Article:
When Your Kid Says a Curse Word
Are you one of those people who thinks it’s cute when kids slip up and say a bad word? If so, you’re not alone: one video montage of kids saying bad words on YouTube garnered 1.5 million views in 2012. Another titled “funny cursing kids” raked in more than 2 million views on YouTube, and counting. It might not be your fault. Popular culture has been grooming adults to laugh at this for years with inserted scenes of pre-adolescent profanity in movies like The Goonies, Adventures in Babysitting, The Breakfast Club, Bad News Bears and, of course, A Christmas Story.
You may be inclined to chuckle after hearing your toddler mutter his first curse word or scatological reference, but the first step to handling the situation like a parenting pro is to keep a strong poker face. Restrain your urge to laugh out loud, which could of course reinforce your child’s mistaken behavior. When it comes to responding to your child’s first curse word performance, no response can be the best response.
Because usually if you hear a kid cursing in public, adults are inertly thinking one thing: where is that kid’s parents and what is wrong with them? Most people see a child cursing a reflection of his parent’s teachings (or shortcomings). But according to the National Association for the Education of Young Children (NAEYC), children muttering a curse word or two could most likely be seen as an honest mistake in their learning about the social uses of language. NAEYC addresses swearing as innocent errors in judgment by children as they learn how to talk, rather than purposefully or vindictively using words that are hurtful.
They might also just be picking it up. The truth is, our kids are little sponges, absorbing everything what we say and sometimes saying it right back to us. If your kiddos are cursing, it could be because they heard you or someone else in the family use an expletive and they’re simply mimicking what they heard around the house.
“It is natural for children to model language that they hear. That is how they learn and make sense of their world! Children experiment with words they hear in conversation, on television and through reading books,” said Kiddie Academy’s Director of Curriculum Renee Thompson.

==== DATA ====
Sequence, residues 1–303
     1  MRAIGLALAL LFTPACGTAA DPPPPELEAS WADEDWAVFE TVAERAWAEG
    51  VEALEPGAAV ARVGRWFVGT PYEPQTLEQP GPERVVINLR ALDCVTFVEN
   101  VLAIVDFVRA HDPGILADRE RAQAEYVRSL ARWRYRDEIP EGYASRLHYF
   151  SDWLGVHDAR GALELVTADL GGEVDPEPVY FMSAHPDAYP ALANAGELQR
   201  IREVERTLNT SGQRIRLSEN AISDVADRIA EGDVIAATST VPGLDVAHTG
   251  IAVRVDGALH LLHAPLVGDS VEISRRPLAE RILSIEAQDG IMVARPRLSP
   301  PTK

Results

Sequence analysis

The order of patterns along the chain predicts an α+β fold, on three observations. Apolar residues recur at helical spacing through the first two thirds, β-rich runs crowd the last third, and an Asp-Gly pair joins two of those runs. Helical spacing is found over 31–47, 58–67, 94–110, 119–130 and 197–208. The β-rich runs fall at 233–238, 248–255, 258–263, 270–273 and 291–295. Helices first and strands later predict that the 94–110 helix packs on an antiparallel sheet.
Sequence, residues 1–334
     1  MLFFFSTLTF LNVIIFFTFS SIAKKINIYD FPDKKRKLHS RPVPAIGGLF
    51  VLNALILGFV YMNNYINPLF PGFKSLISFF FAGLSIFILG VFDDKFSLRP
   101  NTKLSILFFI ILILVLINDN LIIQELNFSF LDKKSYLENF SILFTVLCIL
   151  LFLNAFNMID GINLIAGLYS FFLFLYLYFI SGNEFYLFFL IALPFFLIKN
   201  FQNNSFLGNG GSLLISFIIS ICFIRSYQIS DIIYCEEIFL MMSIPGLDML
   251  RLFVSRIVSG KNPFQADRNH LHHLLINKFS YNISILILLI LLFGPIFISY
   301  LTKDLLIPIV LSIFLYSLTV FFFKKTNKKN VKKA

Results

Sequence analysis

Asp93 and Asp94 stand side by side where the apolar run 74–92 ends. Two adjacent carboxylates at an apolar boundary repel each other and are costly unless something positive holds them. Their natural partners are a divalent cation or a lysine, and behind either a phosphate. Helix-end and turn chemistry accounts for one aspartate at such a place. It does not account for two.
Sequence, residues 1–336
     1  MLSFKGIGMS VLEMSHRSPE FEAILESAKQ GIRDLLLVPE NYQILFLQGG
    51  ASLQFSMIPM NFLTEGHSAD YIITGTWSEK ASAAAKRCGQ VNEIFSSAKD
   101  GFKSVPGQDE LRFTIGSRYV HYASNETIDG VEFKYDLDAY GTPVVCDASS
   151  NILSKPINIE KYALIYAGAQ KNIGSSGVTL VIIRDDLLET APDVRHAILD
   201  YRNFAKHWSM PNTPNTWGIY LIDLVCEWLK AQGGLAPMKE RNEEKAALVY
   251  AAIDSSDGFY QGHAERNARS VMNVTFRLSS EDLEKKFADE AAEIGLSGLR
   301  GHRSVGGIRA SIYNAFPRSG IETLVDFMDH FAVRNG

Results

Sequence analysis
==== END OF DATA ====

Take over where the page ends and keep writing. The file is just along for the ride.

“Parents should not overreact or punish a child for cursing. Instead, calmly ask the child where he or she heard the word and what he or she thinks the word means. Then explain that there are some words that they may hear, but they do not have permission to use. That “word” is one such example. Most children will accept this explanation and move on if it is handled calmly.”
NAEYC suggests teachers to intervene if they hear a child misstep with the wrong words. They advise teachers to, “Intentionally look for the occasions (teachable moments) when a child uses expletives or hurting words” and try to intervene in a friendly but firm way. But as parents, it can be a challenge just to hide a laugh, let alone correct the behavior. After all, it can seem contradictory to scold your child for saying words you might use yourself quite regularly, however inappropriate it may be.
“The last thing a parent should do is laugh, encourage the child to repeat the word for someone else, or retell the story to another adult in front of the child,” continued Thompson. ‘If the child sees him or herself as being funny or clever in the eyes of the adult, of course he or she may repeat the behavior for a similar response. Similarly, a child should not be punished for breaking a rule that was unknown to him or her. Use this as a teaching opportunity.”
Stay strong, and try to show, rather than tell, so your children can model your behavior and you can avoid scolding your child for something that could have – at best – been a mistake, and – at worst – been a copycat incident.